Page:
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The Color White Has a Dark Past

From race to wealth to cleanliness, the color’s connotations have a long history

(Yosuke Tanaka/Corbis)
smithsonian.com

For a color, white holds a lot of symbolic power in many western cultures as emblematic of goodness and purity. But the way white got that power is a pretty dark tale, as Courtney Humphries writes for Nautilus.

Ironically, before white became symbolic of wealth and cleanliness, black was one of the most prevalent colors that evoked royalty and power. In another piece for Nautilus, Mark Peplow writes that just as the color white began to gain favor among European elites, explorers were beginning to encounter the indigenous people of Africa. The white/black dichotomy that evolved played right into racist ideologies — ideals that Humphries notes were quickly embraced by Europeans eager to legitimize their racist beliefs. 

Because dirt showed up most easily on white clothing, writes Humphries, it soon became symbolic in European fashion — but not because the wealthy didn’t get their clothes dirty. In fact, people believed that white clothes cleansed the body, drawing out dirt and filth while they were worn. Eventually, the idea that white clothing had special health benefits went away, but the color's cachet remained because of how hard the garments were to clean. That's why the phrase “white collar” became associated with high-status jobs.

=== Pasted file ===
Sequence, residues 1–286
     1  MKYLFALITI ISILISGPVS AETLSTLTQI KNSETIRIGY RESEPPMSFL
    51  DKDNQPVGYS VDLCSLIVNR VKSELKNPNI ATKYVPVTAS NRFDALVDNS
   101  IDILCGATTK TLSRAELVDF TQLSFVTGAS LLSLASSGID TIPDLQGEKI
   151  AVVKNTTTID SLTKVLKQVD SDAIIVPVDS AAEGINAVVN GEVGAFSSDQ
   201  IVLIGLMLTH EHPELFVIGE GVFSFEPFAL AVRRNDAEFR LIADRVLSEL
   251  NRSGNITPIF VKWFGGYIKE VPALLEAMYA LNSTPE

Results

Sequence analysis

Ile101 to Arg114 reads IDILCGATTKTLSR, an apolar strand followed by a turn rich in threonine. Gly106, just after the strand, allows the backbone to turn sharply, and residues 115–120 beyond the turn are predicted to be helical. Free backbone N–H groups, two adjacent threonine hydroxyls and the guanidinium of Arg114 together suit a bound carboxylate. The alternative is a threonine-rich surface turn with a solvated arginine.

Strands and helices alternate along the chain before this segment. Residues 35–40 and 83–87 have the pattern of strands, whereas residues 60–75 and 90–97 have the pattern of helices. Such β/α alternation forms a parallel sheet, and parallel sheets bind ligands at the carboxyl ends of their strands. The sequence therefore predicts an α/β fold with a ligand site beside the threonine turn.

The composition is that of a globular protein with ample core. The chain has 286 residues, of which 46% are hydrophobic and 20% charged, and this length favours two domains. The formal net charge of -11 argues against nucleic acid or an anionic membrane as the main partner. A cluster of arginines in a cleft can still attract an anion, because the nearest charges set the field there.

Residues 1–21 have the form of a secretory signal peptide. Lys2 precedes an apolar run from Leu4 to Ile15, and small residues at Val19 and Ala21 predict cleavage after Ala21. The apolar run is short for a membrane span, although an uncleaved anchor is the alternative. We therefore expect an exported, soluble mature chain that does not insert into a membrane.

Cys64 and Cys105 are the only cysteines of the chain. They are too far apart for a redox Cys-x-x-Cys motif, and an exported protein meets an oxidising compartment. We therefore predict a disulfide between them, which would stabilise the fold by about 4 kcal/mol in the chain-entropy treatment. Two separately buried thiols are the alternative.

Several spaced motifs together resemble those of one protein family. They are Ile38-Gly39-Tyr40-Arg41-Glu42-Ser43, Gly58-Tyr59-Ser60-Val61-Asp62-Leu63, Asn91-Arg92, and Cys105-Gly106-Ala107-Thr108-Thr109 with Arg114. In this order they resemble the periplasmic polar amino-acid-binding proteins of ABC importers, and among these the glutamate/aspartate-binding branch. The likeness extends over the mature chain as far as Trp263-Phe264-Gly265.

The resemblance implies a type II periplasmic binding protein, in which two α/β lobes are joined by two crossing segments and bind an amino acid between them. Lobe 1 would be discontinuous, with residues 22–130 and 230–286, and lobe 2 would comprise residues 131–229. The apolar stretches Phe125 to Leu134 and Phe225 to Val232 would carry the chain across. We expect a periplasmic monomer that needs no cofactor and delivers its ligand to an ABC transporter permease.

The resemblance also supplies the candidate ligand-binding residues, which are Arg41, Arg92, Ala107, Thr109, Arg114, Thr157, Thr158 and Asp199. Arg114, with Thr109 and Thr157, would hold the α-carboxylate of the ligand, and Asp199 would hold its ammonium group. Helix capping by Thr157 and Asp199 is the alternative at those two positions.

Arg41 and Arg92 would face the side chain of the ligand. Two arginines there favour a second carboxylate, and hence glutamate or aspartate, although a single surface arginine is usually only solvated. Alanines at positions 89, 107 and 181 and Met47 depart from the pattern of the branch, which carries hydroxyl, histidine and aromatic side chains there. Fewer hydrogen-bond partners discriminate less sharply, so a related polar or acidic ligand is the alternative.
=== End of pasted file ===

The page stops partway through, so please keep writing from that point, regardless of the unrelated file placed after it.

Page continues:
Humphries also notes that modern notions of hygiene played into the concept that white was clean. Soon, she writes, white became the highest proof of cleanliness, spawning white soap and sterile white uniforms in hospitals by the early 20th century.

But the sterile surface that a bleached-white sheet might symbolize could actually harm health. In recent years, researchers have found that people's obsession with cleanliness and hygiene is altering their microbiomes, which in turn could cause rising rates of asthma and serious allergies.

Without some exposure to the bacteria that is present everywhere in the world, people might actually be more vulnerable to disease. In fact, those same bacteria might even help treat certain diseases. But symbols and meaning shift all the time — by the end of the 21st century, it’s possible that white might not appear to be as pure and clean as it was before.

About Danny Lewis

Danny Lewis is a multimedia journalist working in print, radio, and illustration. He focuses on stories with a health/science bent and has reported some of his favorite pieces from the prow of a canoe. Danny is based in Brooklyn, NY.

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